For a man, being a father and a runner don’t always go together. In fact, finding time for running together with a career, partner, and social life can be as challenging for a guy as getting all their kids buckled into the minivan without anyone having to go potty — you think you’ve got it all under control, until everything comes crashing down. Ladies, do you ever wonder how these supermen do it all? In this Week in the Life, a busy #fatherrunner tells us how he balances family, work, life, and running. Read more >>
Today we’re addressing a question from reader CW that she left as a comment on a post about how to run a sub-3 marathon. CW asks a very common question: how to get back to her pre-baby race times.
Can it be done? Absolutely. Two of our resident fast-as-F moms, Hops and Parsley, have been there and done that. Below, they share their top 3 tips for CW and anyone else in her situation. While the question is sub-3-specific, the advice can apply to any woman at any level looking to train seriously again after having babies.
I am 32 years old now with two kids (seven months old and a three year old) and I really want to get back to racing. My last marathon was Boston Marathon 2013 and I ran it in 2:51. I ran that by running pretty much every day — maybe one day off every two weeks. I consistently did one long run a week of 18-22 miles with some at goal marathon pace and did at least one tempo run a week. I raced a 10k and half marathon in the training period to gauge fitness. I PR’d in the 10k with a 37:37 and half marathon with a 1:23. After having my first baby, I started running three days per week 6-ish miles at a slow pace for me. Then I got pregnant with my second kid (now 7 months old). Currently I am running three days a week about six miles per run. I really want to start training for another marathon but have no idea where to begin. Any ideas or training plans? I’d love to be fast again.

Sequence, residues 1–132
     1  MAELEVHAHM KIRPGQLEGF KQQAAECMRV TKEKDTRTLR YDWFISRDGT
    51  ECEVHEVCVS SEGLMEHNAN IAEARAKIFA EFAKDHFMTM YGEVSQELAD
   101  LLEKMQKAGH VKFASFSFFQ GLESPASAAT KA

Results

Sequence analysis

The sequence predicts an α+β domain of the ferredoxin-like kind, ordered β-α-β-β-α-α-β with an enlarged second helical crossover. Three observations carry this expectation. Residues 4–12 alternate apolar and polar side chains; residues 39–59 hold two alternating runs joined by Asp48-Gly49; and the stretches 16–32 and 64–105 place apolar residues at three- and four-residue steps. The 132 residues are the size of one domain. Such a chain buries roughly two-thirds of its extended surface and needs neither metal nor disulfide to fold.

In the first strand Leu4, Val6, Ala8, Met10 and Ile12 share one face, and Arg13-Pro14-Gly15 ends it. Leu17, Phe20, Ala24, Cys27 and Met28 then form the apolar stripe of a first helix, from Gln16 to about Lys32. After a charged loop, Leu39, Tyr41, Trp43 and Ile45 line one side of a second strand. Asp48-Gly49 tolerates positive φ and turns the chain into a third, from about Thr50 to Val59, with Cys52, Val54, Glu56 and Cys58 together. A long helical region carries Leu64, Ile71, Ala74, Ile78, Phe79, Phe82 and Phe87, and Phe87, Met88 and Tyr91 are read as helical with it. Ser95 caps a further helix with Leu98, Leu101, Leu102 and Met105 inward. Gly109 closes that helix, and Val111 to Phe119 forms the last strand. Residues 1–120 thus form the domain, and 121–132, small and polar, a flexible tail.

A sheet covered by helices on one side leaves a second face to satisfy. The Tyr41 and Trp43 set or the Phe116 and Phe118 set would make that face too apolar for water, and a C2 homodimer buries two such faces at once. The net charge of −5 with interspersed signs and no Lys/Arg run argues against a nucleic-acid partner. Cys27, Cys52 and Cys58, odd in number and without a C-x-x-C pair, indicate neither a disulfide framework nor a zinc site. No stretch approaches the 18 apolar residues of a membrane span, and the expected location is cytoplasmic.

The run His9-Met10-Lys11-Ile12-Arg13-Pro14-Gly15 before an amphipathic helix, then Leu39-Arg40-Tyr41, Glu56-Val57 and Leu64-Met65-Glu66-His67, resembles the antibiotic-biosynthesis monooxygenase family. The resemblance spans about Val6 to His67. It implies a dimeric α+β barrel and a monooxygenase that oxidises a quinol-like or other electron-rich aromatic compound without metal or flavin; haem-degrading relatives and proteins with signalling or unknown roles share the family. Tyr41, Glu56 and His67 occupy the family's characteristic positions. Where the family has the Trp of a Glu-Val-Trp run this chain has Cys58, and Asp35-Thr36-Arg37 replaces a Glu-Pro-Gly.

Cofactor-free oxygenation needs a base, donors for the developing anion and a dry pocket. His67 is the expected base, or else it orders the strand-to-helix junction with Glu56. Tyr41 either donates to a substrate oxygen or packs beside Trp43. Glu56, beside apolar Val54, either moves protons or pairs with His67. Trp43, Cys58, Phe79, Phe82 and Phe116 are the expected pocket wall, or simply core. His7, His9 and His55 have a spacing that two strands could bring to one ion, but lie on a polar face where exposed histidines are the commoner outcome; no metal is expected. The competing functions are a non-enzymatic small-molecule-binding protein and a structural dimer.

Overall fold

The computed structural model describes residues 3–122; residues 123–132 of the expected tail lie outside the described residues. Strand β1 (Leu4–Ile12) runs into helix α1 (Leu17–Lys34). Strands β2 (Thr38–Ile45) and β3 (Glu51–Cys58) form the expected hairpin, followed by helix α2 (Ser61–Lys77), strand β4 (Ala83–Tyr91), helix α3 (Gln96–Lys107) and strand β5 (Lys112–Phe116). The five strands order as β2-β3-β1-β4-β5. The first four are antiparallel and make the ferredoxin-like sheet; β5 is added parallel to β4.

Sure, being pregnant and going through childbirth (and subsequent recovery) taught me a lot about what the human body is capable of. And coming back from pregnancy and childbirth forced me to get back into shape. I’d never needed to do that before. I was always in a constant state of getting more in shape, fitter. But not back into shape.
In any case, those lessons weren’t terribly surprising. What was surprising was how pregnancy, childbirth, and parenthood have changed how I feel about running a race but not racing it. Read more >>
I ran a marathon in January. After that, I decided to take a break from marathons and from working with the coach that I had worked with for over three years. I honestly wasn’t sure what direction I wanted to go with my training at all. I didn’t do any races in February (the first month in over two years that I haven’t done a race!). I did four 10ks in March and then I decided to chill a bit during April. Going into May, I gained a newfound sense of clarity as far as what I want to do in the next year, training-wise at least. There are still a lot of other areas in my life that are lacking clarity.
It’s been 32 weeks since I became a “party of two” runner, and those weeks have been about as up and down as your least favorite race course. As I come down the home stretch of this marathon, here’s a little update on my first experience running through pregnancy.